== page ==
The first film I ever saw at the South by Southwest Film Festival was The Incredible Burt Wonderstone which was, in a word, “dog crap.” Steve Carell, Jim Carrey, and Olivia Wilde were in attendance to try to make the audience excited, which both Carell and Carrey failed to accomplish. When it came Wilde’s turn to address the attendees, she basically said, “It’s good this movie is playing here because Austin is fun and this is a fun movie.” In other words, “Expect nothing from this film other than a few chuckles.” Five years later, I felt as though I owed it to Wilde and her honesty to see her starring turn in A Vigilante, a compelling revenge thriller that shows emotional trauma is often more difficult to overcome than physical wounds.
Any time that Sadie (Wilde) receives a voicemail that includes a very specific phrase, she begins preparing for how to take down her next target. Rather than a cold-blooded assassin who utilizes her skills to eradicate adversaries, Sadie makes domestic abusers pay for the destruction they’ve brought upon their loved ones, both dealing out physical punishment on her targets and ensuring financial safety for their families. Despite how well she can help solve the problems of others, Sadie struggles with the abuser in her own life, as her husband caused irreparable damage to their family before disappearing into the woods. If she hopes to have any semblance of a life moving forward, Sadie must confront her past, no matter what damage it takes on her physically and mentally.
While I may not have been a fan of Burt Wonderstone, Wilde is a complete badass in A Vigilante. She is calm, collected, and has no problem dishing out massive beatdowns to scummy assholes to the delight of audiences. What makes the film compelling is that it’s far from the male-driven orgy of violence of John Wick or Death Wish, but a more calculated delivery of the deserved punishment, oftentimes with the ass-kickings taking place off-screen. The film opens with Wilde completely unleashing blow after blow on a heavy bag, merely teasing the power she possesses. In her first conflict, we see only one or two hits before cutting to a bruised, bloody, and battered victim, robbing audiences of witnessing the extent of Sadie’s wrath. This may leave some audiences disappointed, but it’s just one, of many, reminders that this isn’t the story of a woman driven by vengeance so much as a story about a woman hoping to help others heal from their pain.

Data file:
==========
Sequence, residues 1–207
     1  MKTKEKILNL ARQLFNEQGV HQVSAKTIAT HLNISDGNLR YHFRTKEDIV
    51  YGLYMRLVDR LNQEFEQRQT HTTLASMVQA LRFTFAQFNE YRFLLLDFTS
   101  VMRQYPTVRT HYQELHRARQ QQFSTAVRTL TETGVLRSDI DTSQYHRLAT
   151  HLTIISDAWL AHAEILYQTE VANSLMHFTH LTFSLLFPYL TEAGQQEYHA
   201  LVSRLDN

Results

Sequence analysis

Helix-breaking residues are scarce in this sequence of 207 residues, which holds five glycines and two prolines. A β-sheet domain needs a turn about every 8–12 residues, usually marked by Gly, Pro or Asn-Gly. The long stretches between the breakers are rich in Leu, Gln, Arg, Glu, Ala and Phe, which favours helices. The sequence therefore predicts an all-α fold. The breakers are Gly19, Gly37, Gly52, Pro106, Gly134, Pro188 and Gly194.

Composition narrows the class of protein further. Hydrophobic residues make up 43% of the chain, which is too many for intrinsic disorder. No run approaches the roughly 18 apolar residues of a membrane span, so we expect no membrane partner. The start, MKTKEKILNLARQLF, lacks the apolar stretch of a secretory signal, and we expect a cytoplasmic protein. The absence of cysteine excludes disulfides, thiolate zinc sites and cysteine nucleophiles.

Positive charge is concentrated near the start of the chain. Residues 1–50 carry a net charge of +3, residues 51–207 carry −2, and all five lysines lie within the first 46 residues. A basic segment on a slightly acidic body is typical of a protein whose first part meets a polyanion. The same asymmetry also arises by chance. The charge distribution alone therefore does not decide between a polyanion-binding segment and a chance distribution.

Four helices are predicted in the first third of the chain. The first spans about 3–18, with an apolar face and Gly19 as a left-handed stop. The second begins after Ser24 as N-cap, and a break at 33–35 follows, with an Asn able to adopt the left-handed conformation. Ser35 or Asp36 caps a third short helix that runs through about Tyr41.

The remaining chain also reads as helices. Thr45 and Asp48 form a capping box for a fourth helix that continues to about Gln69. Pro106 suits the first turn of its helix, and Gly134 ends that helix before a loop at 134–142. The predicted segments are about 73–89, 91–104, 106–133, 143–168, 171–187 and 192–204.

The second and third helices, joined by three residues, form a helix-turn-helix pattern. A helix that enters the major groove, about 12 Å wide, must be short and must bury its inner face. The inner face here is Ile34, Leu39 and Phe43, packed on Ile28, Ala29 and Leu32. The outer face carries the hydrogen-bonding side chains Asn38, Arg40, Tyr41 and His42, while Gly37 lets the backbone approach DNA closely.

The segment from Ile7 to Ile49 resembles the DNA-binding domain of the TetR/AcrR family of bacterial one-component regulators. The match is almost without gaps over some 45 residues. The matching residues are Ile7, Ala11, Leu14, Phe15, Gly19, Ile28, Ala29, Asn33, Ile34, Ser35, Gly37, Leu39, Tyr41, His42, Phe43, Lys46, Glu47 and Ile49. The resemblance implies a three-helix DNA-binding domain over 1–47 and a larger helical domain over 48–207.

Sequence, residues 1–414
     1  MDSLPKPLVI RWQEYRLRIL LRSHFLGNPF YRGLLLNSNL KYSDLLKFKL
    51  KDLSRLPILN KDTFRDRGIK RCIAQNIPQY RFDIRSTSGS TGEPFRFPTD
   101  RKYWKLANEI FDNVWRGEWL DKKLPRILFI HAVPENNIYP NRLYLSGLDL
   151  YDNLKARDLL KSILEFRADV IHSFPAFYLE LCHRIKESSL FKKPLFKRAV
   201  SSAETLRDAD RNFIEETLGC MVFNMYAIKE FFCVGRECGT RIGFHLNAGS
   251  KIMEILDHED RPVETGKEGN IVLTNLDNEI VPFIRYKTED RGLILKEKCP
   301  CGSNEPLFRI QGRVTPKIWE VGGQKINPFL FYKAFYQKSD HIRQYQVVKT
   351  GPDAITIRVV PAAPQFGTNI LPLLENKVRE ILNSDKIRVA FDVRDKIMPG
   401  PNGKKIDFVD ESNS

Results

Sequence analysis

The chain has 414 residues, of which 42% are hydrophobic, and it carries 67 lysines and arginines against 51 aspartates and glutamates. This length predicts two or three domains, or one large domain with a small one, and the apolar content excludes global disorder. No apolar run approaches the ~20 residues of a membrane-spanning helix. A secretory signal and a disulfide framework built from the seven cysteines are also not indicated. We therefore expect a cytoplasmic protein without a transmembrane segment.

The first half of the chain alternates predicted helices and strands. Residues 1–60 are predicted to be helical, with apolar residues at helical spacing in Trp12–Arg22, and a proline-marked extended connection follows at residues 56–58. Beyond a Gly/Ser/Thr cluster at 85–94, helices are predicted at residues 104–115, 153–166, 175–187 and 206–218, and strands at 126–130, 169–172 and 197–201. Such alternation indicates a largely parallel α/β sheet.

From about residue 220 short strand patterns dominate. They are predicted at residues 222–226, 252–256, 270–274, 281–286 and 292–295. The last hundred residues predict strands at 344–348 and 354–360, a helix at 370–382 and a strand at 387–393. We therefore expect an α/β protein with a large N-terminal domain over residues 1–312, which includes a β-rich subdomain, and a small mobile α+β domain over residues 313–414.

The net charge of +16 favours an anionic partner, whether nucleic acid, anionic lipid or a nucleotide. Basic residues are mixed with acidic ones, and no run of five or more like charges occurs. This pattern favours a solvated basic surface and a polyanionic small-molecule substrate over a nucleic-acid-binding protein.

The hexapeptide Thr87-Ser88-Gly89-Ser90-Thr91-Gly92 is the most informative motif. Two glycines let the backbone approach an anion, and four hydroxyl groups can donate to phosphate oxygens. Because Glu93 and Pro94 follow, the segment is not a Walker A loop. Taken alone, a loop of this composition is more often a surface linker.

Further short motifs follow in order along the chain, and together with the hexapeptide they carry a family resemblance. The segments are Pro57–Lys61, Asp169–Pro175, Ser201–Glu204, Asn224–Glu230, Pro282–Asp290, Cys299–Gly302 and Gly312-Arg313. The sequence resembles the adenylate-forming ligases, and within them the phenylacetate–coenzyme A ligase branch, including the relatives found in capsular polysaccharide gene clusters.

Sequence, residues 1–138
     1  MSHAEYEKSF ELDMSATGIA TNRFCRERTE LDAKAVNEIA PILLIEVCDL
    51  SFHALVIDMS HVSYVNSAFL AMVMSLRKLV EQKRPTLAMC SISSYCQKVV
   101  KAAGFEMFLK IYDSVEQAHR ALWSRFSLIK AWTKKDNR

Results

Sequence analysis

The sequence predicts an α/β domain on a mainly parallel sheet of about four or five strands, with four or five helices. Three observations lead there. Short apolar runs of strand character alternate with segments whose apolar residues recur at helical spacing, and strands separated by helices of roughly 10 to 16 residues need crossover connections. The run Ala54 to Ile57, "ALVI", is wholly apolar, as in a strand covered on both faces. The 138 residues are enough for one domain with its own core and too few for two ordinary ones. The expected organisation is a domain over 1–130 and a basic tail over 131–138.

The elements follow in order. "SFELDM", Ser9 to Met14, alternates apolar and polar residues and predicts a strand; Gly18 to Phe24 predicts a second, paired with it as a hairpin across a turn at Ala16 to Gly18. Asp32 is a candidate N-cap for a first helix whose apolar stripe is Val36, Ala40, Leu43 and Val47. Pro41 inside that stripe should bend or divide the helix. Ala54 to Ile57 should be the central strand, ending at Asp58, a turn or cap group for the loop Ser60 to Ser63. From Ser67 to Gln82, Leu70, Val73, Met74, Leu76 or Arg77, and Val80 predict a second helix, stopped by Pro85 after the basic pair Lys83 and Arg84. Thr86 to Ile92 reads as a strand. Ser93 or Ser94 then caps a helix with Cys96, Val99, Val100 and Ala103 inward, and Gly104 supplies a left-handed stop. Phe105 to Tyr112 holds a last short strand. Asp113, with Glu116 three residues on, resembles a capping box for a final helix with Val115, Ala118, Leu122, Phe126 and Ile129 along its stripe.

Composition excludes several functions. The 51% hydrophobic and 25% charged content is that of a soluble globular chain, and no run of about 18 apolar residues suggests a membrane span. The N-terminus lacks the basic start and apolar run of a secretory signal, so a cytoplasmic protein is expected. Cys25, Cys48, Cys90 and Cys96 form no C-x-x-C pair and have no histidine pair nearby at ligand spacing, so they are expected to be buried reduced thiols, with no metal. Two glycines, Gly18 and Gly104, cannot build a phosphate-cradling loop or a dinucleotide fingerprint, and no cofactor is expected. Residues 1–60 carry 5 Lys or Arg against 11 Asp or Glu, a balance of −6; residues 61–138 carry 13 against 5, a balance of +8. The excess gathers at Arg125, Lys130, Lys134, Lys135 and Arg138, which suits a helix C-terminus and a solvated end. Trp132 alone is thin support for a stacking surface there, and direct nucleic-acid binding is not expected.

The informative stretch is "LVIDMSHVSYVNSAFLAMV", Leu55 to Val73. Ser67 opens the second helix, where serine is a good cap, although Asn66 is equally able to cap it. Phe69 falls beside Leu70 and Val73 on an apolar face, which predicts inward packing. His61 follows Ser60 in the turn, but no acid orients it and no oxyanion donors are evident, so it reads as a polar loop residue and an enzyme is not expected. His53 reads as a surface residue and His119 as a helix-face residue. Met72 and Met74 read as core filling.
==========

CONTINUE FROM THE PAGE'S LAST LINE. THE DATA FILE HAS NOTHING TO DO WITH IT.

Revenge thrillers have never typically been “my thing,” so the moments in which Sadie showed restraint or was emotionally triggered and reduced to tears I would find myself wishing for a badass fight scene to break out, yet I’m unsure whether that was my conditioning to seeing those sequences playing out in other films that made me crave that chaos or if the story itself had earned it. Given the saturation of men kicking butts to avenge a loved one in cinema, I can only assume writer/director Sarah Daggar-Nickson was playing with the subgenre’s tropes and circumvented expectations to show the devastating emotional consequences of trauma that extends past one dude being mopey in the shower before jumping into a training montage.
Despite the film not delivering full-fledged physical mayhem, a compelling story unfolds about Sadie and how she channels the desperation she feels in her own life and how she uses her loss to motivate her to help others. Rather than trying to reconstruct her own life, she moves from motel room to motel room, with the filmmaker using flashbacks to women recounting stories of abuse in a support group to ground the audience in the horrifying realities of domestic violence. Many of these sequences allow Wilde to show that she not only could handle the task of a revenge thriller physically, but could also convey the horrifying details of her past effectively with recollections that felt all too real.
The final product of A Vigilante may have left me feeling indifferent, but I commend the places Daggar-Nickson took the typically predictable story to deliver a fresh take on the revenge thriller that leans more into the emotional aftermath of the everyday violence that thousands of women suffer through on a daily basis, while also letting Wilde be a complete badass. I have no doubt that the film will be far more effective to other viewers and possibly even serve as a catalyst to motivate audiences to make changes in their own life, which typical male-driven revenge movies rarely do. The film is a powerful debut feature film from Daggar-Nickson and I’ll be sure to keep my eyes out for her next project while also crossing my fingers that Wilde returns to another action-oriented role soon.
Wolfman Moon Scale